London has been working on overnight e-bus demonstrations since 2012 and is also investigating the potential of opportunity e-bus technologies. From the overnight e-bus perspective, TfL has collaborated with BYD, which is one of the largest electric bus manufacturer in China, to test the potential of battery electric buses in London, starting from 2012 [45]. The first two battery electric buses were handed over to TfL in 2013 and then entered daily service on two central London routes, numbers 507 and 521, which were the first battery electric buses in London. These single-decker 12-metre BYD buses utilise Lithium-Iron-phosphate batteries and have demonstrated a range in excess of 250 km on a single charge in real world urban driving conditions [46]. The 507 and 521 bus routes are relatively short commuter service routes and were chosen so that the bus can start operating in the morning peak alongside the diesel bus fleet and return to the depot to recharge during the day before resuming service for the evening peak [34, 47]. The battery takes 4–5 hours to recharge when fully discharged and has been designed for a cycle life of more than 4000 cycles, meaning a 10-year battery lifetime under normal operating conditions [48]. The trail fleet was extended to six buses in the summer of 2014. The trail buses in London not only provide a zero emission environmental benefit but also have shown promising result in terms of both technical and economic performance, and hence TfL has taken further steps towards adopting this new clean technology in the capital. The development timeline and future plans for London electric buses are plotted in Figure 7.


Figure 7.

Number of electric buses in London.

The latest data in 2016 showed that there are currently 22 battery electric buses operating in London including 17 single-decker battery electric buses and five double-decker battery electric buses. This is a world first for double-decker battery electric buses, as shown in Figure 8, and entered service in May 2016. These are 10.2 m buses with a capacity of 81 passengers and a claimed range of 303 km. The battery is a Lithium-Iron-Phosphate battery with a capacity of 320 kWh [49]. They utilise a combination of both overnight and opportunity e-bus technology and will operate on route 69 in Central London. They will use a high powered wireless inductive charging system to top up their battery system at the beginning and end of this route to keep the bus operating throughout the entire day [50]. The recent double-decker electric buses have used wireless charging technology as part of innovative charging technology development. However, this is still far from a mature technology and requires a massive recharging infrastructure network [51]. The electric buses in London have shown promising performance on short commuter routes; however, pure e-buses are still best suited for shorter routes with operational flexibility and scope to recharge them in inter-peak periods due to the limit of present battery capacity and recharging technology [52].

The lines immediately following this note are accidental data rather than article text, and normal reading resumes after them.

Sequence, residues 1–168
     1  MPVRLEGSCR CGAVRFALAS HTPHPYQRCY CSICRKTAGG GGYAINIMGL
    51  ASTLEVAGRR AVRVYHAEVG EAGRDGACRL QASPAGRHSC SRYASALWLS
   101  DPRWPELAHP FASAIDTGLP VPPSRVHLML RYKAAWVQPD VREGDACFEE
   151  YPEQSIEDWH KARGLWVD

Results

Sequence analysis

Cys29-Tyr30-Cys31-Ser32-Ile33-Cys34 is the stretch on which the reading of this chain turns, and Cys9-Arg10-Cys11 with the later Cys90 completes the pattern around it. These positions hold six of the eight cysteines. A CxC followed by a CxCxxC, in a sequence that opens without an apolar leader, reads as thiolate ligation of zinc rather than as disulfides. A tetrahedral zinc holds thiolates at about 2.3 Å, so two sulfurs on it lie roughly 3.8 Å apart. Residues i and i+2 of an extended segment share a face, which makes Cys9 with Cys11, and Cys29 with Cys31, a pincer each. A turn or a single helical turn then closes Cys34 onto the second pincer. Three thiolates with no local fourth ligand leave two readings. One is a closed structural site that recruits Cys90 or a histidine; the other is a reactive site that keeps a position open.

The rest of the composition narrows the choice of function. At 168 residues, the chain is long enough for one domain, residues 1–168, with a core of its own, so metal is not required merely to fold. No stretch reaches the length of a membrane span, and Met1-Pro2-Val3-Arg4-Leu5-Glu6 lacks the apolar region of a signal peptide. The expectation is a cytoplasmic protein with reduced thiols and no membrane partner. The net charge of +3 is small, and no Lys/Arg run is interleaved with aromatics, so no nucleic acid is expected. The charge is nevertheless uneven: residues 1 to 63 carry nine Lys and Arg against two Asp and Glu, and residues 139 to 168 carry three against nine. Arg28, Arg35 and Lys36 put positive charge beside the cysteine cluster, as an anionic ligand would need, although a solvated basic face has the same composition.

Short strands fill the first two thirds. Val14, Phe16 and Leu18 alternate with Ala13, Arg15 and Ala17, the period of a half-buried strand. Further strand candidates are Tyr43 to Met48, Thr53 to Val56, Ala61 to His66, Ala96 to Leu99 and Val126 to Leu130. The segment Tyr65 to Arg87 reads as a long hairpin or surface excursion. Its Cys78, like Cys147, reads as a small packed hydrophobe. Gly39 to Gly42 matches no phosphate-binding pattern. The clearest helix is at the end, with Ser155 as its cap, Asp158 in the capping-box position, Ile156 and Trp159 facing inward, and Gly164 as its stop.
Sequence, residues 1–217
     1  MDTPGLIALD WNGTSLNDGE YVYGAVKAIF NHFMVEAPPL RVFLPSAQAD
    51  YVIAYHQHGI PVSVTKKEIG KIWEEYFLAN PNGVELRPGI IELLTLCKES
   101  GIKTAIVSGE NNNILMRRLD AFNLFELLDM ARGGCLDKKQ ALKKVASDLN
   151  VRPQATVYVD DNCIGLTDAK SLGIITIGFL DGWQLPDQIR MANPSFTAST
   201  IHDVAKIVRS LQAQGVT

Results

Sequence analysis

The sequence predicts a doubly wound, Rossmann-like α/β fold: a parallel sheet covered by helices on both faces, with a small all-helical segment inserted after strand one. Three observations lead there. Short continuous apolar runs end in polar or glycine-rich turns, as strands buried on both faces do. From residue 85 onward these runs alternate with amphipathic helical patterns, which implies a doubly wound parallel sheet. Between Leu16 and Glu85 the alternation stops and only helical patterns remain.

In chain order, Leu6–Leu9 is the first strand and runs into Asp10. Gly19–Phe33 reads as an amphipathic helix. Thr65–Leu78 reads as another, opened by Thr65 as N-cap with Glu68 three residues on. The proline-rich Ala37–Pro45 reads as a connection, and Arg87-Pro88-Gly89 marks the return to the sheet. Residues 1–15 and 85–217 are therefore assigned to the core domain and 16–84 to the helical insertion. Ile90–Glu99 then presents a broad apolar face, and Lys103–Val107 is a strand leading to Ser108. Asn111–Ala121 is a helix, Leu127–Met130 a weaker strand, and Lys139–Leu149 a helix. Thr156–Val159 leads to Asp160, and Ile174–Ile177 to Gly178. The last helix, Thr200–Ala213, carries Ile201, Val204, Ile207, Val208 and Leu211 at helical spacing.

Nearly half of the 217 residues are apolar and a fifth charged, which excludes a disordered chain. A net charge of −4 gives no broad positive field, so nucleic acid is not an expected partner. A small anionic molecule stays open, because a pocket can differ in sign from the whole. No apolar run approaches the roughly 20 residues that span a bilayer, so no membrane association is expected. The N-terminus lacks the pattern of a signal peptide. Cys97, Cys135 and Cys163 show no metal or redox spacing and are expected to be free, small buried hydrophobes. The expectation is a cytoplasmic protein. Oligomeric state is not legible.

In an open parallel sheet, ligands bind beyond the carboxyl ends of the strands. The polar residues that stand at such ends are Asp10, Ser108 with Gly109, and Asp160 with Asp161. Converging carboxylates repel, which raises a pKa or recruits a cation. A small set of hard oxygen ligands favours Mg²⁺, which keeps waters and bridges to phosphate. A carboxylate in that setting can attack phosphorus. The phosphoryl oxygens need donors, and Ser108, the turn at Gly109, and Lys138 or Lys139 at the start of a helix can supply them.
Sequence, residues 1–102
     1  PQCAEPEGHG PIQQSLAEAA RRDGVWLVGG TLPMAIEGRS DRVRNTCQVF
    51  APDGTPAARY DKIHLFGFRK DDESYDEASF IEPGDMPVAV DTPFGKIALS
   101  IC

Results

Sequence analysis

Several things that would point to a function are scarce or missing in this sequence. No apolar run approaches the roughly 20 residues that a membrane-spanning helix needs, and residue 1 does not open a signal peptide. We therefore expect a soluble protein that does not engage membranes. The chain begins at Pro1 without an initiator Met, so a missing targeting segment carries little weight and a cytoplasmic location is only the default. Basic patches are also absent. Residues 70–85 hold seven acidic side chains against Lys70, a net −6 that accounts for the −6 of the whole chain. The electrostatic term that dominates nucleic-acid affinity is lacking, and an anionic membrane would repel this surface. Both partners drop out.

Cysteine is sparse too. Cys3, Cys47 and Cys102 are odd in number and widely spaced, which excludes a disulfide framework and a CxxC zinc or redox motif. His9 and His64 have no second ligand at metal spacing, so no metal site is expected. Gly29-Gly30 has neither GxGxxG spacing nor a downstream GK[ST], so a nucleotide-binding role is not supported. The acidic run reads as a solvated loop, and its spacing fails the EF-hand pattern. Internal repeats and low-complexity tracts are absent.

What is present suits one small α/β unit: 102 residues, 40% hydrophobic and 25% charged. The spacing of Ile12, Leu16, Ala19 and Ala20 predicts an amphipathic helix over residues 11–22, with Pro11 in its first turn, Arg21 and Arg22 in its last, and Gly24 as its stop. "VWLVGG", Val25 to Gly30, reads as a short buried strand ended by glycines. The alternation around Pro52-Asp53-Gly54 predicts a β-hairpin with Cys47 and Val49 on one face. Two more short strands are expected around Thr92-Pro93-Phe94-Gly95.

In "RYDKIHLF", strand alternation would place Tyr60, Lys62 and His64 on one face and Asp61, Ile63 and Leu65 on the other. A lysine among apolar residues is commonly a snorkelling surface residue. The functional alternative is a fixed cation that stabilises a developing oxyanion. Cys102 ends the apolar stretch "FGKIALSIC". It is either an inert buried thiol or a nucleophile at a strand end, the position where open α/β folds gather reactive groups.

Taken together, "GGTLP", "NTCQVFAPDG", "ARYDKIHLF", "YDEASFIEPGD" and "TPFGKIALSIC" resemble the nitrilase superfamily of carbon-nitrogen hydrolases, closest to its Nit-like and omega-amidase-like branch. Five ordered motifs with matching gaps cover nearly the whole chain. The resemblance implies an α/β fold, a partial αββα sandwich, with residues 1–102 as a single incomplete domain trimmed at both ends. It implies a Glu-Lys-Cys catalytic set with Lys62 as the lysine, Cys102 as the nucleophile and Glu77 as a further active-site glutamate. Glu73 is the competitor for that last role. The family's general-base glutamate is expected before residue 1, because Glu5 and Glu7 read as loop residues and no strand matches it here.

Figure 8.

The first electric double-decker bus in the world (photo from Business Green, 2016).

In 2015, BYD and Alexander Dennis (ADL) announced a partnership to provide 51 further single-decker buses to route operator Go-Ahead with an expected delivery in late 2016 [53]. BYD will provide the batteries and electric chassis technology, and ADL will provide the bus body-building technology [54]. The cost of each bus is expected to be £350,000 [55].

In summary, the recent development and deployment of battery electric buses in London have shown that electric buses are technically feasible. It can be seen that electric buses will also have an important role to play in the coming ULEZ implementation in 2020. However, more time is needed to evaluate the actual performance and address the key challenges facing electric buses such as limitations of battery technology that restricts range.